Russian President Vladimir Putin arrives to hold his annual televised phone-in with the nation in Moscow on June 7, 2018. / AFP / SPUTNIK / Alexey DRUZHININ
Your feedback is important to us!
We invite all our readers to share with us their views and comments about this article.
Disclaimer: Comments submitted by third parties on this site are the sole responsibility of the individual(s) whose content is submitted. The Daily Star accepts no responsibility for the content of comment(s), including, without limitation, any error, omission or inaccuracy therein. Please note that your email address will NOT appear on the site.
Alert: If you are facing problems with posting comments, please note that you must verify your email with Disqus prior to posting a comment. follow this link to make sure your account meets the requirements. (http://bit.ly/vDisqus)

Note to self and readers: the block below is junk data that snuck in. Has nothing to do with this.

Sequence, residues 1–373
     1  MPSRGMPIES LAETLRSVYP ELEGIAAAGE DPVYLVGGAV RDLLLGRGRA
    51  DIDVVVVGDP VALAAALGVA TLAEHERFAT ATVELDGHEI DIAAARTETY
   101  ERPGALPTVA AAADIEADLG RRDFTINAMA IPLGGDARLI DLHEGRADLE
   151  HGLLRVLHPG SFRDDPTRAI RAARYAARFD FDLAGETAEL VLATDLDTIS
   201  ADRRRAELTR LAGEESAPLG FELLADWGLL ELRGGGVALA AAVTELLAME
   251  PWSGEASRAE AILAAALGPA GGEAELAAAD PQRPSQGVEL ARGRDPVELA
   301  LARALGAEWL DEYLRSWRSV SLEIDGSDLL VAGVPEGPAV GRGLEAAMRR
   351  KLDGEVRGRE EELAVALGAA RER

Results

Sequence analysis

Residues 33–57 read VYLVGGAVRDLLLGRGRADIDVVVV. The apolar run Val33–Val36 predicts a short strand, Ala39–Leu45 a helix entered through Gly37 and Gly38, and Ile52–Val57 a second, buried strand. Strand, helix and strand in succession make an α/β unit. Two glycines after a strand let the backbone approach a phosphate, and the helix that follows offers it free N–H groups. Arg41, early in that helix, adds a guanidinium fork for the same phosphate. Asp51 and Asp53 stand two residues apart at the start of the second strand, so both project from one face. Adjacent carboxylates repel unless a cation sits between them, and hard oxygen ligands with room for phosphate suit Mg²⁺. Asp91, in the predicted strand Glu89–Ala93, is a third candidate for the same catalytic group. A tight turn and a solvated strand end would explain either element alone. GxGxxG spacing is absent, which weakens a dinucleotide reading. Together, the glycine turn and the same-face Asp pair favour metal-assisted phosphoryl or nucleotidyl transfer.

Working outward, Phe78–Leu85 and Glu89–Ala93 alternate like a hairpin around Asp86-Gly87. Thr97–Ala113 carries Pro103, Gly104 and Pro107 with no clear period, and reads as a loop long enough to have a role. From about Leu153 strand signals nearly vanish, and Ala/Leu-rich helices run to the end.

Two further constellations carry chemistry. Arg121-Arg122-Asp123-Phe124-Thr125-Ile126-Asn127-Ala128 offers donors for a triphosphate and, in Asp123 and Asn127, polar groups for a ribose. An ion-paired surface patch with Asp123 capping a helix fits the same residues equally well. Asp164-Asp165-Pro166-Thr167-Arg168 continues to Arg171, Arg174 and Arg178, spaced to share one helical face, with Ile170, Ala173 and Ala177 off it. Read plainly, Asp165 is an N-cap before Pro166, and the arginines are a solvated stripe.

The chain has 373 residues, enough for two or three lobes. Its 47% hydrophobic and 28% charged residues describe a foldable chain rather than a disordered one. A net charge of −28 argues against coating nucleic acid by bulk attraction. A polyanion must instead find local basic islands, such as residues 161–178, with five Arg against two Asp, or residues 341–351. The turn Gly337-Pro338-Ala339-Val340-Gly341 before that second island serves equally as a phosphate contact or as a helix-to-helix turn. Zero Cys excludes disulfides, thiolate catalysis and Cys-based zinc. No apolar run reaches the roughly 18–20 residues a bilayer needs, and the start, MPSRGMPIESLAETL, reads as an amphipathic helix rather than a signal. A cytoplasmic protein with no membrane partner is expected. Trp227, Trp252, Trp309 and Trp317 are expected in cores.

Speaking during an annual live television phone-in with the Russian people, Putin likened the tariffs that Washington imposed last week on steel and aluminum imports from Canada, Mexico and the European Union to economic sanctions.Putin, who easily won re-election in March, has since 2001 used the annual phone-in to cast himself as a decisive troubleshooter on the home front and a staunch defender of Russia's interests on the world stage.Putin, 65, and his aides say it is an indispensable tool to gauge public sentiment and learn about people's real problems.Putin had been asked about the visa problems being experienced by Roman Abramovich in Britain.This year, Putin dispensed with his usual studio audience, fielding questions asked by text and video.Members of the public submitted around 2 million questions, state TV reported, some of them flashed up on a giant screen close to Putin.Some of those questions, which Putin did not attempt to answer, were politically awkward.
FOLLOW THIS ARTICLE